NJ Senator Declan O’Scanlon (R-Little Silver, Monmouth) wants voters to decide if should legalize recreational cannabis. If a bill recreational cannbis comes up, in lame-duck, O’Scanlon’s a NO vote.
“There’s legitimate value to be gained by waiting,” Sen O’Scanlon told InsiderNJ. “We’ll have a lot more info from other states and that’ll make a compelling (referendum) debate in November of 2020.”
To get a referendum on the ballot in NJ, the legislature has to vote on it. If there’s a supermajority, the question goes straight to the ballot. Otherwise the measure must pass with a majority twice and in consecutive sessions. To meet O’Scanlon’s Nov 2020 timetable, this would need to happen ASAP during the nascent lame-duck session.
Ok so what about the 30,000 cannabis arrests in NJ every year?
“We need to move forward with decriminalization immediately,” O’Scanlon told InsiderNJ. “Expungements would need to be part of of the discussion.”
His message for legalization purists?
“The voters aren’t there,” he told InsiderNJ. “We haven’t even seen a draft of the bill!”
Senator O’Scanlon released the following statement:
“It’s time to end the mixed message being sent to the public, the industry, law enforcement and both opponents and supporters of marijuana legalization. We should abandon efforts to move legalization legislation during the lame duck session and firmly commit to sending the question to voters. To be clear, I will be a firm vote against any form of legalization legislation until and unless voters have voted in favor of legalization.”
“My reasoning for taking this position is several fold. First, I believe a commitment was essentially made this past spring, following the debate and failed vote at the time, that this issue would be put to the voters.”
“Second, while I firmly believe in legislative obligation and the value of representative government, there are times and issues where there is substantial value to be gained by permitting, in fact encouraging, voters to weigh in directly. I have come to believe that recreational marijuana legalization is one such issue.”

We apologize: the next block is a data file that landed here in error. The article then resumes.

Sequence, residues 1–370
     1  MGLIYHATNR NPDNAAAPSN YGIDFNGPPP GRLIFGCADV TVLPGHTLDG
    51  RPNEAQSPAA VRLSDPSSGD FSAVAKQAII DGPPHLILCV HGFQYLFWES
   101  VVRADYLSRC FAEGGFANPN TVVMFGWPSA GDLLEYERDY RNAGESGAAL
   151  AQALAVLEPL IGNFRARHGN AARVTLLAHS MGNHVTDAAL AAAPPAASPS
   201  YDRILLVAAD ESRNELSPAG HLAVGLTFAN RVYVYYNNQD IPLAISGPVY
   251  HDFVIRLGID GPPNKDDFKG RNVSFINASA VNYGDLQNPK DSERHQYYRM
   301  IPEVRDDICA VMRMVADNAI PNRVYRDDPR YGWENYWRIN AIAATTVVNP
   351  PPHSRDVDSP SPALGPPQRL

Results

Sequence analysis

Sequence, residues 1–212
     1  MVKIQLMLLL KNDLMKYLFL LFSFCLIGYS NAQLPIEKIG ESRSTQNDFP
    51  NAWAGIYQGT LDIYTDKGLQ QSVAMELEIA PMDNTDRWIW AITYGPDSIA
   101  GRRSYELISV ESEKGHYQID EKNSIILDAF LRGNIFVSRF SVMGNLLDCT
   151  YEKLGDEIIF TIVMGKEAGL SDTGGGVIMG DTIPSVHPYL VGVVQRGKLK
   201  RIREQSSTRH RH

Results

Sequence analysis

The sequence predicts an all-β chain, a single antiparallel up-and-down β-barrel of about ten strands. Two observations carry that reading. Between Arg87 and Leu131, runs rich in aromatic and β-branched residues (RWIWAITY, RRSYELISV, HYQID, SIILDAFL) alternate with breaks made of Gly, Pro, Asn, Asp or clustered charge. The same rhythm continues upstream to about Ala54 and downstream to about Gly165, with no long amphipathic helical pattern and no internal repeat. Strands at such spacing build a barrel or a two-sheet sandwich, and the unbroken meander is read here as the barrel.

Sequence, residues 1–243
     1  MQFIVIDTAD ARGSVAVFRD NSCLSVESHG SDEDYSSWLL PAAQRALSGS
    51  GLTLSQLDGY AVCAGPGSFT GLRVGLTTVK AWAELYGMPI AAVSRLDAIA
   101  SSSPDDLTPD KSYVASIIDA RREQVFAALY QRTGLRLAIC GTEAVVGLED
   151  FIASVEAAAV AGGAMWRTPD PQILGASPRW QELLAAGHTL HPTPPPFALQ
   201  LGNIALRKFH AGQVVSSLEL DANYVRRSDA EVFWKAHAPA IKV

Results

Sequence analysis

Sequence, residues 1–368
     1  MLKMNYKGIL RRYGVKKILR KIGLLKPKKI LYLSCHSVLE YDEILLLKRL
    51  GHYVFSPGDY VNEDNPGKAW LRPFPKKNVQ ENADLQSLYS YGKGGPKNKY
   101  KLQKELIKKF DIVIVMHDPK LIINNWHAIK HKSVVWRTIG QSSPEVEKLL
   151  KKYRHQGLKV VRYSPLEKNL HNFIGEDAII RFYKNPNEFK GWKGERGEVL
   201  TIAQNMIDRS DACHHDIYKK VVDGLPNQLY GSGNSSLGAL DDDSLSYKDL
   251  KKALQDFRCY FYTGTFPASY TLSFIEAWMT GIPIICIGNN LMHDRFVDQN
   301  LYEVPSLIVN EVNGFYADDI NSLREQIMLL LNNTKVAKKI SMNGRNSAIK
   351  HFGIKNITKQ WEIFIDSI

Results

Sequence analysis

“Third, the sincere passion, fears, concerns and respectful debate that is still ongoing over this issue makes hastily cobbling together just enough legislative votes to pass it unwise. Additionally, permitting another few months of passionate, public debate and discussion of the issue would be healthy given those sincere passions, concerns and fears.”
“Fourth, New Jersey already has one of the most clinically rigorous medical marijuana programs in the country. Permitting our nascent expansion of this extraordinarily successful program an additional almost-full-year opportunity to establish itself prior to any allowance of adult-use marijuana access will be extremely valuable to our medical program. Further we want to ensure that the industry is operating in good faith and in the best interest of the patients–by increasing supply and access–prior to any increased demands for potential adult use access.”
Fifth, other states that are in the process of moving forward with legalization are providing us with tremendous amounts of new information and evidence about the wisdom, dangers, or folly, of this policy. Gaining another year of this evidence will dramatically help strengthen the legitimacy of truly valid arguments in this debate.”
“Lastly, it is imperative that we move forward immediately with legislation that decriminalizes possession of small amounts of marijuana. The social justice implications of this widely-supported aspect of cannabis policy are irrefutable. This area of policy shouldn’t wait a year. Getting to clarity on the details of this mission should be our immediate focus and enactment of the policy a top priority.”